Sunday, 26 April 2015

The problem today is one of ideological bias and identity

Who am I? What defines me? What do I stand for? How can I make a mark or difference in society? How can I feel important or special?

These are questions that most people tend to ask themselves at some point in their lives. Of course these questions are not all encompassing, or applicable to everyone because we are all different, but most of us tend to try and define ourselves by inadvertently stuffing ourselves into some type of ideological box at one point or another. That box eventually becomes part of who we are - it becomes a large part of our identity. To have those ideological beliefs or positions challenged in any way means we see our identity, who we are, as being challenged. We can no longer separate the ideology from ourselves and we tend to lose sight of the fact that criticism of an ideology is not criticism of us as individuals.

This, I feel, is the main problem with much of society today. People cannot take any criticism for anything without feeling personally attacked. People retreat into ideological groups for safety and reassurance. Our ideologies, in a way, become our safe spaces.

We are so determined to prove that our ideologies are the only ones that are rational or right that we become blinded to any other points of view that may contradict what we believe. We ignore any facts or opinions that may run contrary to our ideologies and we settle into a state of willful ignorance about anything that contradicts what we believe to be true.

Having our beliefs supported by others that share those same beliefs makes us feel safe. There is safety in numbers - in groups. Our identity remains safe as long as we surround ourselves with others like us, who become a constant source - feeding a narrative, so to speak - of affirmation and confirmation that what we believe is right. Ideologies becomes a sort of echo chamber where each person uses the next as a source for constant reassurance, and no one challenges or criticizes the other for fear of being ostracized from the group and thus loosing one's sense of self.

There tends to be an ideological purity test within most groups where those who fail are marginalized or kicked out. We see it all the time in political groups, but it exists in many other types of groups no matter how large or small. It may be in your face, or subtle, but the likelihood is that it is indeed there.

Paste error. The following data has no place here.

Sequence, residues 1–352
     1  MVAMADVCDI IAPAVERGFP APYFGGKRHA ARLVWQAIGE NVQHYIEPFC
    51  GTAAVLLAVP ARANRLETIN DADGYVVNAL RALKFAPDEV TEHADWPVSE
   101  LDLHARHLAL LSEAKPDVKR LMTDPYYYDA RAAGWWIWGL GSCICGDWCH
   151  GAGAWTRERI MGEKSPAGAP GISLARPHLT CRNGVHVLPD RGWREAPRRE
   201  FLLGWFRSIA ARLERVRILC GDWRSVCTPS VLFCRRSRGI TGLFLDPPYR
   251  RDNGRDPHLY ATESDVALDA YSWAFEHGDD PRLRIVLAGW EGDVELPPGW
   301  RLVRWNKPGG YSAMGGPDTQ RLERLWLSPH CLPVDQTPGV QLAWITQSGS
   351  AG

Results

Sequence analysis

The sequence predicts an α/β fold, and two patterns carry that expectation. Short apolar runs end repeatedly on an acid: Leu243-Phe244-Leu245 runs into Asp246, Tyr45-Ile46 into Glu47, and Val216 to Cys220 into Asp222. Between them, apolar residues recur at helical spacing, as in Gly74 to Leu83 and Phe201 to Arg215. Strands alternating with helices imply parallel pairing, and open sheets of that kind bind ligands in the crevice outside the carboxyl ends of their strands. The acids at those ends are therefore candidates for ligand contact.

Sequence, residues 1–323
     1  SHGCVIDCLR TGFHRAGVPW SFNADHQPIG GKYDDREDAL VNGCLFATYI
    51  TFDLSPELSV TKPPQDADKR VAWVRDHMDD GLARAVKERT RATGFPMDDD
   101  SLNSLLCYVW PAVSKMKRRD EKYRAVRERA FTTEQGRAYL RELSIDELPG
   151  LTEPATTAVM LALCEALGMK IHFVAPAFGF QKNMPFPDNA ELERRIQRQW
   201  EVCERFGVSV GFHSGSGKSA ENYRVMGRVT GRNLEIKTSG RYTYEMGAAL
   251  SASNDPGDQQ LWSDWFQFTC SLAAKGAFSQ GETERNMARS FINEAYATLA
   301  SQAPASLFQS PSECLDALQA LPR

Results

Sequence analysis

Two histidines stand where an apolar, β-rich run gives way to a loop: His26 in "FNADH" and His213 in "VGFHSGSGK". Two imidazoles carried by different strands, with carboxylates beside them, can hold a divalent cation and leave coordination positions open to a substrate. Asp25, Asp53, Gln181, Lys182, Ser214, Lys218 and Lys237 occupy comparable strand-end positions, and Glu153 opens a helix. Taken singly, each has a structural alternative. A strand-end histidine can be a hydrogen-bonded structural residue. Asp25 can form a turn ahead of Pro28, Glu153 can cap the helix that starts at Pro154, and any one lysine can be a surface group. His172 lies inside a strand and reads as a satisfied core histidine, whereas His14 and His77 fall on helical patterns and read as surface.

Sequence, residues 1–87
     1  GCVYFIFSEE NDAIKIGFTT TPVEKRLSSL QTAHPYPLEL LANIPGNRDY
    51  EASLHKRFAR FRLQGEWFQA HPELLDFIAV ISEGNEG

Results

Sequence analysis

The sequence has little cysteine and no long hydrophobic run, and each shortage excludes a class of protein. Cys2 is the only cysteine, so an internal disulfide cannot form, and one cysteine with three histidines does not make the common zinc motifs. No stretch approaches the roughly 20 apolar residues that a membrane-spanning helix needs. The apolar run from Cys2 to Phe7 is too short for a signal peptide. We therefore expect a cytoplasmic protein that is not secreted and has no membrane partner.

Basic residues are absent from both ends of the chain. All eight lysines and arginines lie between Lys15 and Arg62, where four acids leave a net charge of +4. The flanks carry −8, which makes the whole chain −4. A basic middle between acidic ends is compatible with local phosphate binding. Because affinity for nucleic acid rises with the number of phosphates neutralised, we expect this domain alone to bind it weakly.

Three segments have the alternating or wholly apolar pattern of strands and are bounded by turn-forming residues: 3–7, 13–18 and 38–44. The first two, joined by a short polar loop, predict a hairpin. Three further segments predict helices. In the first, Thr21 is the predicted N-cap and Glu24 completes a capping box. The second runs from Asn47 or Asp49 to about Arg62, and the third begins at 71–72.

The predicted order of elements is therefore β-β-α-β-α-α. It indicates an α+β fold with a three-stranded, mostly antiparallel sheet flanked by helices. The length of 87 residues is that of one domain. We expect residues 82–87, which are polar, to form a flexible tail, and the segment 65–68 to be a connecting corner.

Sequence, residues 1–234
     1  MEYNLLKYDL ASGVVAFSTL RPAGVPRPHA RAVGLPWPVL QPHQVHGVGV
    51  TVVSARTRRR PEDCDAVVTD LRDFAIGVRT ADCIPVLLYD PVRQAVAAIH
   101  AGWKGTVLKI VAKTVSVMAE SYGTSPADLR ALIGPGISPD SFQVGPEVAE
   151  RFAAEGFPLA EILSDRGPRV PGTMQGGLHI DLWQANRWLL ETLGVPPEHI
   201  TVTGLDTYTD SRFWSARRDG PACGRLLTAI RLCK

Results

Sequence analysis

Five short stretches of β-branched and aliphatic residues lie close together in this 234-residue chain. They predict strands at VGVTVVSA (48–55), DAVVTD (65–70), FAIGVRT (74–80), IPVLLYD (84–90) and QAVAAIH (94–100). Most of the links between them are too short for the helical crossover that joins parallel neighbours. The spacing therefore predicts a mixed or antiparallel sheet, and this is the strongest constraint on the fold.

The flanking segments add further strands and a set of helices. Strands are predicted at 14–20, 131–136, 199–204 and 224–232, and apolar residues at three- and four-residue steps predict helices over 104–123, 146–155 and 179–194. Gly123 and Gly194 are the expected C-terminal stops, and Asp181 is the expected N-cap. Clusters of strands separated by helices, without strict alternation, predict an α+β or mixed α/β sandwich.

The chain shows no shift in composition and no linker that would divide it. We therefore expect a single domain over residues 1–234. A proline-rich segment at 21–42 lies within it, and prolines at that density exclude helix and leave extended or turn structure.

It is very hard to avoid becoming biased about an ideologically held point of view or belief. We all hold them, but we do not all know how to spot our biases, let alone admit we have them. To look inward and admit we are indeed biased means admitting to ourselves that we may be disregarding facts or acting willfully ignorant - we would have to admit our ideology, our identity, is somehow flawed. These are things that cause discomfort and internal conflict, so we tend to actively avoid them.

The tendency to avoid anything uncomfortable or conflicting is quite apparent in today's social climate. No one wants to be challenged, no one wants to feel uncomfortable, no one wants to be questioned. Everything has to be safe, non-confrontational, and accommodating. It is the equivalent to everyone getting a trophy in T-Ball - where everyone is a winner, because to lose would be 'uncomfortable'. We have gotten to the point now where we have somehow equated discomfort with emotional trauma. If anyone is made to feel uncomfortable in any way they are a victim who needs immediate intervention - immediate coddling to get them back to their safe space and comfort zone.

People like to believe that they are above criticism. They have developed a sense of entitlement, where no one is allowed to challenge their ideologies because that would be an assault on them as an individual. There are victims everywhere now.

So how can we try to avoid this? Intense adherence to any ideology can vegetate one’s mind, as Charlie Munger, an American business magnate, lawyer, investor, and philanthropist explains better than I could:

Say what you will about Munger, but this is indeed good advice. List what your ideological beliefs are, and why you hold those beliefs to be true. Look deep into why those 'truths' are indeed true, and look at things that do not necessarily conform to your ideological positions. Challenge yourself to be your own opponent, your own worst critic. If you can achieve that, then you are well on your way to avoiding as much ideological bias as possible.

And always be open to differing opinions, criticism, and advice. Being open to these things does not mean you readily accept them, but it does mean you can take them, look at them, and test them to see if they hold up under careful scrutiny. Dismissing things without taking the time to consider them can make you look extremely biased and ill-informed.

Ideological bias is pernicious. It has the ability to rot the brain and render it apathetic. Reminding yourself of your own ideological biases, and examining opposing opinions, facts, or views on a regular basis is one way of keeping yourself on your toes and out of a state of mental apathy. Keep yourself in a state of constant awareness when discussing issues that you feel make up your identity.

Above all, remember that you should not remain static, and that you should strive to always be learning and evolving as an individual. You should not be content to remain in the confines of a box, but strive to break out of it and challenge yourself, as well as others. Don't let an ideology or others define you, let you define you. Be confident in who you are without needing a group or an ideology to prop you up and define you. Do not become a victim of ideological biases that serve only to limit you as an individual, rather than define you as one.

Written by Kristina Hansen
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